Part of SB27, but also the subject of a separate bill, SB28, is Emery’s call for a “simplified annual school report card” that would grade schools on a rating of A through F. Scores for individual schools on the state’s annual evaluation system, MSIP5, are already available on the Department of Elementary and Secondary Education website .

But Emery said that having to go there and do the calculations, converting the percentage score to a grade, is not as convenient or as effective as having the letter grade available from the state.

In other states, he added, the A-F grading plan has helped get parents and others more involved in education by letting them either praise or question what their local school is doing.

"It helps move us toward excellence," he said. "If translating numbers to a letter grade can help someone easily assess how their school is doing compared to other schools, I can't see the harm in that."

Emery’s SB29 deals with how teachers can be let go when courses are dropped or districts have to reduce their workforce.

Emery has also introduced the “campus free expression act,” SB93, that would designate outdoor areas on the campuses of Missouri’s public colleges and universities as traditional public forums where views could be expressed in a lawful manner.

Promotion in urban schools

Sen. Jamilah Nasheed, D-St. Louis, has submitted SB161, dealing with two topics: anti-bullying policies and student promotion.

The first would establish policies against bullying, require that they be enforced equally and instruct counselors on how to deal with the practice.

The second is designed to make sure that public school students in St. Louis and Kansas City achieve proficiency in reading and are not promoted beyond the second grade until they have done so. Students who have not made adequate progress would be required to get additional help.

State board and domestic violence

In addition to her bill on school transfers, Chappelle-Nadal has pre-filed two other pieces of legislation related to schools.

One, SB84 , limits members of the state board of education to two terms which last for eight years each.

The other, SB61, is designed “to provide students with the knowledge, skills, and information to prevent and respond to teen dating violence.” Schools would develop an age-appropriate curriculum to let students know about the physical and mental harm that could result from domestic violence.

The governor and the curators

Finally, there is a three-sentence bill pre-filed by Sen. Kurt Schaefer. The Republican is from Columbia, home of the University of Missouri’s system headquarters and its flagship campus, so whatever the university does has a big impact on the area. This proposed legislation would also have a big impact on Gov. Jay Nixon, who has a little more than two years to go in his term, as well as his successors in that office.

Schaefer’s SB110 reads in its entirety:

Credit Adam Procter / Flickr
Quadrangle at the University of Missouri-Columbia

“This act prohibits any member of the University of Missouri Board of Curators from voting to appoint to, hire, or employ in any way in any position in the university any person who appointed him or her to the board. Any such vote taken by a curator will be null and void. Any curator who violates this prohibition will immediately forfeit his or her curator position.”

Translation: Since Nixon has appointed all sitting members of the board, and will have three vacancies to fill in the upcoming months, if Schaefer’s legislation passes, the curators could not vote to hire him as president or general counsel for the university system. He would be eligible to take any other position, since those jobs are hired by the president, not the curators.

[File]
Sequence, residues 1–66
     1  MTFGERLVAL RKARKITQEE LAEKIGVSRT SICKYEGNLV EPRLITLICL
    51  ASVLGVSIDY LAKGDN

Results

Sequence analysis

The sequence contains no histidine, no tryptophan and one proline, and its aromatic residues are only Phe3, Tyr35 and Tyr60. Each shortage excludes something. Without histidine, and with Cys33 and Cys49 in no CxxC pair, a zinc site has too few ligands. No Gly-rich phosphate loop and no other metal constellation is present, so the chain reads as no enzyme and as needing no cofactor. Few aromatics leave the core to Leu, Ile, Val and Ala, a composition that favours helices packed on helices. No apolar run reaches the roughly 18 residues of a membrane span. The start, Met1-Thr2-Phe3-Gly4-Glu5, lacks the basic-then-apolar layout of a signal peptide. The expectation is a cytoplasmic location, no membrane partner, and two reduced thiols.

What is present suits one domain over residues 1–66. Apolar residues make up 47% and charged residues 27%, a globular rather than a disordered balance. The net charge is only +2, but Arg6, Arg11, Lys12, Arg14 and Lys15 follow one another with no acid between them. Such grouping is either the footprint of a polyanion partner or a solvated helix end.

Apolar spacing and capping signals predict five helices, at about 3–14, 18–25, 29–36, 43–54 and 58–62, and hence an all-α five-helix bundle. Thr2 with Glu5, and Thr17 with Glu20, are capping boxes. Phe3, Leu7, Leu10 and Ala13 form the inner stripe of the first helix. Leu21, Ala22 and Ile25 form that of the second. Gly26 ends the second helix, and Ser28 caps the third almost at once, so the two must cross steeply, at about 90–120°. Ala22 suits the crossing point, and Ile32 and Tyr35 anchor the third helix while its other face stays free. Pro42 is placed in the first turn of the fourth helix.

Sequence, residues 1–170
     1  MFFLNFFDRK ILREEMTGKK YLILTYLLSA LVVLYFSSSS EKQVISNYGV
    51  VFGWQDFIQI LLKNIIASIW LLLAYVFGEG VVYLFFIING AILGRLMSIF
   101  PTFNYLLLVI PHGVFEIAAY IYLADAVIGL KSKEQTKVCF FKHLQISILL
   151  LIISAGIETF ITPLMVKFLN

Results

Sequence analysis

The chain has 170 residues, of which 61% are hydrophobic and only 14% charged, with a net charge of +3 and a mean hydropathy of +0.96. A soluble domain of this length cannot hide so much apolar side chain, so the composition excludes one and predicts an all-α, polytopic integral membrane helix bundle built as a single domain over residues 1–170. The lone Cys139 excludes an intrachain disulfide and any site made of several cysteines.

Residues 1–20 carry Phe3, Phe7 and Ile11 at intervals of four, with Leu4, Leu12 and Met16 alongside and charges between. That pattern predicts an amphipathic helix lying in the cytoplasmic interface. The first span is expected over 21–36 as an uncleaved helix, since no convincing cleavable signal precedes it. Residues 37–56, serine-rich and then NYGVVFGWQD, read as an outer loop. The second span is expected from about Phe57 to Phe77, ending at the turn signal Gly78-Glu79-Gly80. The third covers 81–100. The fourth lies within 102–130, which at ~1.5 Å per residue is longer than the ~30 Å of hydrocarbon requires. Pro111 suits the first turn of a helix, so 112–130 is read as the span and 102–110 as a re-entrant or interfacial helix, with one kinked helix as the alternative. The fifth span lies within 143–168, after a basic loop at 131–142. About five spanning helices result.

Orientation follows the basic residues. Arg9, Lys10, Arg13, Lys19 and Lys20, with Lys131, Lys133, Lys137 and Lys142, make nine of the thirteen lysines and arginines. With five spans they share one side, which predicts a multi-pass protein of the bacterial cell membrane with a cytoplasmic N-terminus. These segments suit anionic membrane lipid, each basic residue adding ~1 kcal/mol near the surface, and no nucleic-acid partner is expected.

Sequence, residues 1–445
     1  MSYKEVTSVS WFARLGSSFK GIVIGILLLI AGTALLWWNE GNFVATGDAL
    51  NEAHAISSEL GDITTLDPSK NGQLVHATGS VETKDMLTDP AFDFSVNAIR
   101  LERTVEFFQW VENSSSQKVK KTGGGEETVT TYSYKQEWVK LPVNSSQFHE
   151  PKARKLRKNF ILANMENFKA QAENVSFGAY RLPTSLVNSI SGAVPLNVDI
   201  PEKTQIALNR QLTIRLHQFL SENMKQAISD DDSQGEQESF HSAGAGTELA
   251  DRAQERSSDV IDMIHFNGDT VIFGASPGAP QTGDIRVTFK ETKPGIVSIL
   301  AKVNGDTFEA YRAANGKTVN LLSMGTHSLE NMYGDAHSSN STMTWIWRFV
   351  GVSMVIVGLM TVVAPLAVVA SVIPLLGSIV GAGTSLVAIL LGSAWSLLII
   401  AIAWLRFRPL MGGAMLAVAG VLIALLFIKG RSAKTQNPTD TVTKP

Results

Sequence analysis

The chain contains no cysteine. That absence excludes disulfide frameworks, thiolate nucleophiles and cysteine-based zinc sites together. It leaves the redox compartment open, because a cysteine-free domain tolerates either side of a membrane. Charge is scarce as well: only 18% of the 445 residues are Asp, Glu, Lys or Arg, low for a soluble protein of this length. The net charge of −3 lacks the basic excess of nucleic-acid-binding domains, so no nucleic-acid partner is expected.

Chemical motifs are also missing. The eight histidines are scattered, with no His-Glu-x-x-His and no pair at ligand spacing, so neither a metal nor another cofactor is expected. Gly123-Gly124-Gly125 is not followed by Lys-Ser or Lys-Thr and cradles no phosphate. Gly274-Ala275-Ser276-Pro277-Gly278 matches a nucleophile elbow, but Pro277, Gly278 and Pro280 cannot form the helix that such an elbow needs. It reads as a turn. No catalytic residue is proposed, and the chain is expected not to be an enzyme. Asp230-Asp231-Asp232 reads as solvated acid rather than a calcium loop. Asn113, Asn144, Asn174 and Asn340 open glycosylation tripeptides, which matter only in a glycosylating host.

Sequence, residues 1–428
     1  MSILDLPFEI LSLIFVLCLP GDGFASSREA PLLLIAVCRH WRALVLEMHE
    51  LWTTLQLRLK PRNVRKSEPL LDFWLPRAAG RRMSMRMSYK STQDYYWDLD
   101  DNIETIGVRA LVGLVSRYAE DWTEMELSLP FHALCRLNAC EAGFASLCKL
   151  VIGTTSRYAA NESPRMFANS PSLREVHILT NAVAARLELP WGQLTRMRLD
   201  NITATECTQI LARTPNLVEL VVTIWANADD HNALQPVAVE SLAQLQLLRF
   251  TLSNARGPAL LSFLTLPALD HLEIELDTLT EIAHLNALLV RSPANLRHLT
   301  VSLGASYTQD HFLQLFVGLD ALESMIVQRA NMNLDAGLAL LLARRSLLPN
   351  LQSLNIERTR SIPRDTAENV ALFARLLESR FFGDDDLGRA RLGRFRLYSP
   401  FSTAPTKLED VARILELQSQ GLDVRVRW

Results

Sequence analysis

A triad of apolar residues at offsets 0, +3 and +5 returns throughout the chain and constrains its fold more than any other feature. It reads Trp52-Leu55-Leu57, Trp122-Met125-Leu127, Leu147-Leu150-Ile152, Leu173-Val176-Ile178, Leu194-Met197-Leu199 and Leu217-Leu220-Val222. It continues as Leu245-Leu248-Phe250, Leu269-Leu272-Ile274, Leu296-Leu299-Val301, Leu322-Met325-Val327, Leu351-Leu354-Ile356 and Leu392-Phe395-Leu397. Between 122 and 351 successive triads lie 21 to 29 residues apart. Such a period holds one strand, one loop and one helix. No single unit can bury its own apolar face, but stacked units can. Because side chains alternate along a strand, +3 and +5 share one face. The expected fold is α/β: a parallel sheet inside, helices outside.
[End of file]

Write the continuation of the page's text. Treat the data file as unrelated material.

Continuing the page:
In an interview, Schaefer said the bill isn’t aimed just at Nixon but at any potential quid pro quo in the future, where a governor could name members to the board in exchange for the promise of a future job. The bill could bring more transparency to the process, he said, plus isolate curators from any pressure to hire the person who named them to the board.

“Governors have complete control over who they appoint to board of curators,” Schaefer said. “There have been concerns in the past about placing people on the board of curators in exchange for essentially a position later at the university.”

With the cycle of six-year terms for curators and four-year terms for governors, Schaefer noted, the bill would not mean a lifetime ban on a top university job but only a temporary one, until the makeup of the board changes.

Schaefer has criticized Nixon on several fronts, from the governor’s use of a state airplane to the expansion of Medicaid. And, the senator has declared his candidacy for Nixon’s old job of attorney general in the 2016 election, when term limits will force his departure from the General Assembly.

Tim Lloyd was a founding host of We Live Here from 2015 to 2018 and was the Senior Producer of On Demand and Content Partnerships until Spring of 2020.
Dale Singer began his career in professional journalism in 1969 by talking his way into a summer vacation replacement job at the now-defunct United Press International bureau in St. Louis; he later joined UPI full-time in 1972. Eight years later, he moved to the Post-Dispatch, where for the next 28-plus years he was a business reporter and editor, a Metro reporter specializing in education, assistant editor of the Editorial Page for 10 years and finally news editor of the newspaper's website. In September of 2008, he joined the staff of the Beacon, where he reported primarily on education. In addition to practicing journalism, Dale has been an adjunct professor at University College at Washington U. He and his wife live in west St. Louis County with their spoiled Bichon, Teddy. They have two adult daughters, who have followed them into the word business as a communications manager and a website editor, and three grandchildren. Dale reported for St. Louis Public Radio from 2013 to 2016.